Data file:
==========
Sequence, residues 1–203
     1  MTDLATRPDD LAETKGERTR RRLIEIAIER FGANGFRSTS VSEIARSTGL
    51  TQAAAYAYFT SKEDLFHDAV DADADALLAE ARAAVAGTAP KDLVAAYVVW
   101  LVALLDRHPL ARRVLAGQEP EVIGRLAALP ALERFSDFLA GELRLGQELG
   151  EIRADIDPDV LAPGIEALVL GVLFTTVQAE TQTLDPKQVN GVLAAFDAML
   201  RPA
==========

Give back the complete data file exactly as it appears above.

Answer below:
Sequence, residues 1–203
     1  MTDLATRPDD LAETKGERTR RRLIEIAIER FGANGFRSTS VSEIARSTGL
    51  TQAAAYAYFT SKEDLFHDAV DADADALLAE ARAAVAGTAP KDLVAAYVVW
   101  LVALLDRHPL ARRVLAGQEP EVIGRLAALP ALERFSDFLA GELRLGQELG
   151  EIRADIDPDV LAPGIEALVL GVLFTTVQAE TQTLDPKQVN GVLAAFDAML
   201  RPA